• djwetmouse says:

      Okay it won’t really take a year to raise the money but as our current landlord wants us out by August we will have to find a new apartment, and I would assume a new year long lease.

    • macdude22 says:

      Yes it does make sense. We were stuck in banking limbo and our closing was pushed back 2 months. For a while it was looking like the bank wasn’t going to approve the loan because the house couldn’t be “appraised” because there were so few home sales. After we’d spend half our money on inspections and fees and all sorts of crap. We wouldn’t have been able to buy for another year either.

      We were pre-approved, down payment, the works. Was supposed to be a slam dunk and it was a nightmare. Mostly I think the bank was overwhelmed with applicants and was behind on processing. And it’s worse now. I’m ok with extending the closing deadline.

    • Baelzar says:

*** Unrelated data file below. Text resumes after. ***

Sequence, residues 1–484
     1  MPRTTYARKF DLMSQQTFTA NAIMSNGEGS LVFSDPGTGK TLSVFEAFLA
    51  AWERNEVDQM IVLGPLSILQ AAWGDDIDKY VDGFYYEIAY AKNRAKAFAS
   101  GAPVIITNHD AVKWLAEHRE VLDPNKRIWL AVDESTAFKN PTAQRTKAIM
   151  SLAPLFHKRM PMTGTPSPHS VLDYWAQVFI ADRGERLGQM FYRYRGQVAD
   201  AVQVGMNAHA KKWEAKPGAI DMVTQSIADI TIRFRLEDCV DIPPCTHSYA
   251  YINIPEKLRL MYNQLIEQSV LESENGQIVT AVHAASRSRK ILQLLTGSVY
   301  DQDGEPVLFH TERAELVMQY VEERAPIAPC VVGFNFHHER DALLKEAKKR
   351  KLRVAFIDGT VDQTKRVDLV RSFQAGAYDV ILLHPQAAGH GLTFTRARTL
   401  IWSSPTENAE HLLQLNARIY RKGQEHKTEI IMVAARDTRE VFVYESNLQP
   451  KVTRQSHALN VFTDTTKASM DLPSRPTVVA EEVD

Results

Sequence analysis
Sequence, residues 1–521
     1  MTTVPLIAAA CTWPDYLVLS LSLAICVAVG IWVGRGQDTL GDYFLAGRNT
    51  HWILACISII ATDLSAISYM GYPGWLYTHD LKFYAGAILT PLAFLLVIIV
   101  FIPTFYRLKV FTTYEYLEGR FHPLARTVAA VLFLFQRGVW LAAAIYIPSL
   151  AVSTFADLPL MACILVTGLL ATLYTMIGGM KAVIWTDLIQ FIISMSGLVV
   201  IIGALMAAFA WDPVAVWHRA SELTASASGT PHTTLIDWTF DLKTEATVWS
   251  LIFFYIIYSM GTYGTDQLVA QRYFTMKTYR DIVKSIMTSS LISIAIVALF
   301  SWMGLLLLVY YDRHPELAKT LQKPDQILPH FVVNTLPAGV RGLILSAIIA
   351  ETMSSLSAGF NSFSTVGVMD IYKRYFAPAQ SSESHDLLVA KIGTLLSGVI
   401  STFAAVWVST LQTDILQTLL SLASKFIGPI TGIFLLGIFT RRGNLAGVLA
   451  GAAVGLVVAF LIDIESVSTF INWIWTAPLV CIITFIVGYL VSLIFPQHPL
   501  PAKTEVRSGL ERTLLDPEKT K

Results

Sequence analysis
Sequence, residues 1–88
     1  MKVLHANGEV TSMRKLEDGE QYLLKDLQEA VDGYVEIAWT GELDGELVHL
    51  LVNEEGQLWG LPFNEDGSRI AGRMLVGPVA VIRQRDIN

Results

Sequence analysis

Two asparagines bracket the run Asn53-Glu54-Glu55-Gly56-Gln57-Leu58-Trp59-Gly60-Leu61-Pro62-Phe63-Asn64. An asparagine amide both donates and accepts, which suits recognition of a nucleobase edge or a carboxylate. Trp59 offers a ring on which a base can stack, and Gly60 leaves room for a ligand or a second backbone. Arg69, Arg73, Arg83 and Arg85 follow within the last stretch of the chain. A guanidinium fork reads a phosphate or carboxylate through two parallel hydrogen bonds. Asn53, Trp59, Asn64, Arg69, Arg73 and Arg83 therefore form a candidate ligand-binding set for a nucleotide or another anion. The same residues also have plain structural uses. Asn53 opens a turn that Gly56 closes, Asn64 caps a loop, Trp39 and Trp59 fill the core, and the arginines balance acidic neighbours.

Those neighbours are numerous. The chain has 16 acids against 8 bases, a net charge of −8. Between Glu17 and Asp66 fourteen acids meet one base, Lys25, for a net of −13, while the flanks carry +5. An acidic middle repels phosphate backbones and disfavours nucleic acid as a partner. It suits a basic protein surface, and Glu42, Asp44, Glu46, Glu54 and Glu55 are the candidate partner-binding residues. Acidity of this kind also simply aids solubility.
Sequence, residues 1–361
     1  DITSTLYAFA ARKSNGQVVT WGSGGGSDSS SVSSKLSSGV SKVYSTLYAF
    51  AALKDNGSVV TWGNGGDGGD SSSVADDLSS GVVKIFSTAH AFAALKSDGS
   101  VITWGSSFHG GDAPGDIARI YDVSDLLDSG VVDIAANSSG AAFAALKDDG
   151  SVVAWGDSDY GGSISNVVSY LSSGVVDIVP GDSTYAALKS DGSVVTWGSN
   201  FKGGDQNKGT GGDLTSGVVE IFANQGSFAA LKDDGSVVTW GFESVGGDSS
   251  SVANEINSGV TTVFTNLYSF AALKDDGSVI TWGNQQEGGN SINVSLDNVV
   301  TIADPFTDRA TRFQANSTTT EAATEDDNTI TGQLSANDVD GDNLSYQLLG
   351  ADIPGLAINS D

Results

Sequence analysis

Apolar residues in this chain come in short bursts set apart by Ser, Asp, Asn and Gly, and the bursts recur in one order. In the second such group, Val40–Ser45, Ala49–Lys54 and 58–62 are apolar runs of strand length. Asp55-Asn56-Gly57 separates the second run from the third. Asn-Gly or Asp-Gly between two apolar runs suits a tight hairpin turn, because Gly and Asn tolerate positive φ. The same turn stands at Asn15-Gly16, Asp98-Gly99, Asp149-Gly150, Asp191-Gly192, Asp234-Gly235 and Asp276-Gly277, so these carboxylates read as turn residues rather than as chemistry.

This must be the most amazing house ever built!

      There aren’t ANY other houses that fit the bill in your area?

  8. thewildboo says:

    Your summary is incorrect. You still have to have signed the purchase contract by April 30. They’re just extending the original closing deadline, which was today. For a minute there, you had me excited, since we signed our contract earlier this month.

  9. Matt Park says:

    I’m in the boat where I signed a short sale contract in march and have been getting jerked around by the bank (Suntrust = terrible) even now and forseeably into July. I agree that the tax credit was artificially inflating the market, but since I paid (signed a contract for) a price inflated by the tax credit, it’s only right that I get it. …if and when the deal closes.

  10. catskyfire says: